Edited by forluvofsmoke - 4/14/13 at 7:20am
post #2 of 10

That is some fine looking Bird. It looks very juicy and the texture looks perfect. Over cooking would have broken it down too much. Thanks for the kind words...JJ

post #3 of 10

Great job on the instructional.icon14.gif

Thighs in the muffin tin usually get butter to sit in, your butter and lemon juice will work also.

post #4 of 10
Thread Starter 
Quote:
Originally Posted by Chef JimmyJ View Post

That is some fine looking Bird. It looks very juicy and the texture looks perfect. Over cooking would have broken it down too much. Thanks for the kind words...JJ

 

Thanks JJ! Now that you mentioned it, yes, the meat was quite moist. I forgot to even mention that, as I learned that I don't need to worry about it using this method...seems like it never fails to produce very good pulled dark-meat chicken. Texture while probing generally tells me when it's time to come out and rest...if I wait too long and the texture has turned mushy, that's when it starts turning dry...so if the texture feels right, the moisture should be equally good.

 

You welcome for the mention...gotta pay my respects and thanks where they are due. You've clued me in on some pretty neat little things over the past few years, and the little things can make a big difference at times. Much appreciate your input and the reads I've had from your posts.

 

Quote:
Originally Posted by cliffcarter View Post

Great job on the instructional.icon14.gif

Thighs in the muffin tin usually get butter to sit in, your butter and lemon juice will work also.

 

Thanks Cliff! I figured a little boost to the poultry industry wouldn't hurt anything...LOL!!! There's just so many ways to get pulled chicken, but how and why we do what we do to get it isn't always very easily found. If someone PM's me about something I know well and happen to be doing at that time or in the near future, I post it if I can't find an existing thread or Wiki on it...my methods may vary widely from what others do, also, and I refine my methods at times based on what works well for me. And there's nothing wrong with a fresh look at things now and then.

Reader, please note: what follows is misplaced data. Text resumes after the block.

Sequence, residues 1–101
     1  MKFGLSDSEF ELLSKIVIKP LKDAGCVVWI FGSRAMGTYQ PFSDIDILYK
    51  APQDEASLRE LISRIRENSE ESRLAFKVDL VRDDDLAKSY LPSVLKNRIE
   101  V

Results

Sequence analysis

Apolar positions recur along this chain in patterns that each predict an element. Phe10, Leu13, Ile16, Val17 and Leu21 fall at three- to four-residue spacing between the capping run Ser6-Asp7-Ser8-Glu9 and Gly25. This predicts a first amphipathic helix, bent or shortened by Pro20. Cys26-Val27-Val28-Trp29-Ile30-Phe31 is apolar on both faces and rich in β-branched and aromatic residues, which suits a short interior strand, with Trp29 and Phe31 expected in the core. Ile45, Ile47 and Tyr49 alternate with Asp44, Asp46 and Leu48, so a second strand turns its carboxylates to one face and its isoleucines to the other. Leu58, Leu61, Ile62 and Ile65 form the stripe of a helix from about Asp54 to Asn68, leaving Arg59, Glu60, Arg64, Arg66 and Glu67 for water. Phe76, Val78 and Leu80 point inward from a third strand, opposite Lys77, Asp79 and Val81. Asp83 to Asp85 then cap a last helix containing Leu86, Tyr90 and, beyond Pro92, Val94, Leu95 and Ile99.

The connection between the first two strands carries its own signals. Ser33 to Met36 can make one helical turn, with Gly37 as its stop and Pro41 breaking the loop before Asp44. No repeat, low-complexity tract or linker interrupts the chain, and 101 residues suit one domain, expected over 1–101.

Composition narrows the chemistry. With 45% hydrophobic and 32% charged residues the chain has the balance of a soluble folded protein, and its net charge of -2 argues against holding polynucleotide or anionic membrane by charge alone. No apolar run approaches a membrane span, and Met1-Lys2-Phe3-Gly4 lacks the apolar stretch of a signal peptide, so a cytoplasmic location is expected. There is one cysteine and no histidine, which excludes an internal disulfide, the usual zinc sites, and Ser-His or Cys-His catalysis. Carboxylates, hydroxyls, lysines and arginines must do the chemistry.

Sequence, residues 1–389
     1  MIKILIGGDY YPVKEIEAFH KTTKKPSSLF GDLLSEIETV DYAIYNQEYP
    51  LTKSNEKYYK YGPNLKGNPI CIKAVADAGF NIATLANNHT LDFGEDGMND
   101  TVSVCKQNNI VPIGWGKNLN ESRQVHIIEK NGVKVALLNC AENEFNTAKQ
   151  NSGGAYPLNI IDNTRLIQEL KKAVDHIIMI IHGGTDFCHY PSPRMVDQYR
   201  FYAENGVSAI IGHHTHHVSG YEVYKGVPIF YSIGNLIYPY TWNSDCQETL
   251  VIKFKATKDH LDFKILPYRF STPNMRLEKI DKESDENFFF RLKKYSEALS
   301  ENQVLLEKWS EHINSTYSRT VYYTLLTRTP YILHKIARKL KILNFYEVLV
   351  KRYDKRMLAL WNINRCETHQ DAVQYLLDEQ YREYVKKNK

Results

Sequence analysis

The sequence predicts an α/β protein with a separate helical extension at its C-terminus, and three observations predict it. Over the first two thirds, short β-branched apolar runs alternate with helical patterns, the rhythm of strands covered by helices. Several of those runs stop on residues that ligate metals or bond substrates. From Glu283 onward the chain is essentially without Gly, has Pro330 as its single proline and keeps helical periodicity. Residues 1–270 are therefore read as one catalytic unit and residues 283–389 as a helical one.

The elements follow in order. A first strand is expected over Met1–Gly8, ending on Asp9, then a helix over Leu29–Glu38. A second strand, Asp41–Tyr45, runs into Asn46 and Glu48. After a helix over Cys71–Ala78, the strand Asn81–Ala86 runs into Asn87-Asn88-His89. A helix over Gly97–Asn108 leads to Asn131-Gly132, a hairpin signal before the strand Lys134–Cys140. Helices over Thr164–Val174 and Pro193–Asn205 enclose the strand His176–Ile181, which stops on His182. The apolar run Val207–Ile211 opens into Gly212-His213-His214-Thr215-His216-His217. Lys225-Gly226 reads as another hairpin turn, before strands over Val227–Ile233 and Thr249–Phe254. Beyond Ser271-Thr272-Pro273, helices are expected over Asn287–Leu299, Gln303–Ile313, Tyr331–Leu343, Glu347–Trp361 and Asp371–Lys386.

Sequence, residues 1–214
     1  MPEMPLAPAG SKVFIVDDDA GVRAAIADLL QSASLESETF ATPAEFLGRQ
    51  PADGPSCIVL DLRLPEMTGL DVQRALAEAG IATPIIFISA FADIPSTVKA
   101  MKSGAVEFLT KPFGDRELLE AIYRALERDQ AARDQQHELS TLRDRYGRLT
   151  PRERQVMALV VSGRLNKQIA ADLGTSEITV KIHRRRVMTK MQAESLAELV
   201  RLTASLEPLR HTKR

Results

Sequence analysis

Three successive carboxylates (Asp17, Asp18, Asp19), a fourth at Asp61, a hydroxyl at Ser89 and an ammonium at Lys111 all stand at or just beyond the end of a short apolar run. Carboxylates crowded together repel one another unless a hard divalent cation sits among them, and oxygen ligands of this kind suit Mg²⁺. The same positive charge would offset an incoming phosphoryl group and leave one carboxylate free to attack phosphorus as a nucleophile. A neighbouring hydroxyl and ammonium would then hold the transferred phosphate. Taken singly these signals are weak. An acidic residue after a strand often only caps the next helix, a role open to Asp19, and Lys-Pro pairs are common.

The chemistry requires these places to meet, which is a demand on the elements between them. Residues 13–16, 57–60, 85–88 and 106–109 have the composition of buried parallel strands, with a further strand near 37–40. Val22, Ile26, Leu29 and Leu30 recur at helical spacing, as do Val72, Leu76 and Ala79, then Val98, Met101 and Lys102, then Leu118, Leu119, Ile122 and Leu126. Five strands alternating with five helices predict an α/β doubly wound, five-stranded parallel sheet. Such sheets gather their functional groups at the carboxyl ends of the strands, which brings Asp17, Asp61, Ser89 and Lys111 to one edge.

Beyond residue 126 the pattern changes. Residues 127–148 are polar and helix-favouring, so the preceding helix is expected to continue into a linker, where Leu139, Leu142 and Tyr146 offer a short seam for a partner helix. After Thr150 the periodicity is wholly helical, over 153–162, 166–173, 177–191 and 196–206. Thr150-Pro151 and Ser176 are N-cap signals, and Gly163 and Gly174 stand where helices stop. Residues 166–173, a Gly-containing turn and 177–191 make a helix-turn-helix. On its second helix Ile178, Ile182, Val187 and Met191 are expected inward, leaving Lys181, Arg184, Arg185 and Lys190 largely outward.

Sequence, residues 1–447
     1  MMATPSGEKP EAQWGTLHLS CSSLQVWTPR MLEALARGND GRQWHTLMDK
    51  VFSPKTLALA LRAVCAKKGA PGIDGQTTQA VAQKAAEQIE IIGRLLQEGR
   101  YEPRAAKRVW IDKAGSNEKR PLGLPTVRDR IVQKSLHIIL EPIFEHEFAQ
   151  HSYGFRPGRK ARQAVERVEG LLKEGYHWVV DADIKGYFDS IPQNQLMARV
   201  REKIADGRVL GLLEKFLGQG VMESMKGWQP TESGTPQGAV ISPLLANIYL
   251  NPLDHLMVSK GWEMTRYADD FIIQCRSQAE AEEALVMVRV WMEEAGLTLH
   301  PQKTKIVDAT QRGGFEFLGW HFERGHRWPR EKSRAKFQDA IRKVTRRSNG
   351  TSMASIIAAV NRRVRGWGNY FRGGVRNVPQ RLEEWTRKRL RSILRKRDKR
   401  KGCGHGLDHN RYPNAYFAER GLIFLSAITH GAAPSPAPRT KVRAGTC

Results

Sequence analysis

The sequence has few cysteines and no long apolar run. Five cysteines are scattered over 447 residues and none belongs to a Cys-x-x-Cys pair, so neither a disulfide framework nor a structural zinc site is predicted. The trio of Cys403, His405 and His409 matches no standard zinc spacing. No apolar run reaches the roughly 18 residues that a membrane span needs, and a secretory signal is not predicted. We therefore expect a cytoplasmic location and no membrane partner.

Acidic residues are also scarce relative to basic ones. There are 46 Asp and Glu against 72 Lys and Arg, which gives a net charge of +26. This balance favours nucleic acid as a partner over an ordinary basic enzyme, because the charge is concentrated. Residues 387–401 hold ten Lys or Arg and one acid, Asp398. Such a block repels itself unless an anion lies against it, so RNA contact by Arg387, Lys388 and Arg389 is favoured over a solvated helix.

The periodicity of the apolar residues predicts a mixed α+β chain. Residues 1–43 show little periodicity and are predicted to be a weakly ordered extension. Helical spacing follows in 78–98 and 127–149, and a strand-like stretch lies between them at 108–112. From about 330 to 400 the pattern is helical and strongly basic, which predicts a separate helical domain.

Thanks again, fellas!

 

 

Eric

post #5 of 10

That looks great.  Thanks for another great write up.  I will have to try it out.

post #6 of 10
Thread Starter 

Thanks, and you're welcome! I just happened to get caught up in smoking something you quizzed me about a few days back...the timing couldn't have been much better...so I thought you'd appreciate a better run-down with more details, and this gave me an opportunity to put all my thoughts together much better so you could use what you need and roll with it. Some of this info you can incorporate into your pulled chicken thigh smokes later on down the road if you feel it may give you a little more control on the outcome of your finished product. Smoke, learn, make improvements where you can, and enjoy the knowledge and skills you gain from every smoke.

 

Many great smokes to ya, Tank!

 

 

Eric

post #7 of 10

Looks fantastic! I am itching to smoke something this weekend, absolutely going try this. Thank you!

post #8 of 10
Thread Starter 
Quote:
Originally Posted by zendez33 View Post

Looks fantastic! I am itching to smoke something this weekend, absolutely going try this. Thank you!

 

Thanks, and you're welcome! It's a nice shorter smoke when you don't want to be at it all day, especially if the weather is trying to get you to throw in the towel. Probably a good smoke for after work, too, if you have way more time than you need for grilling.

 

Enjoy!

 

 

Eric

post #9 of 10

Looking great!

post #10 of 10

Eric Rides Again!!!

 

Awesome looking Bird-meat!!!!

 

Don't know how this eluded me for over 3 weeks!!!

 

Thanks Buddy!!!

 

Bear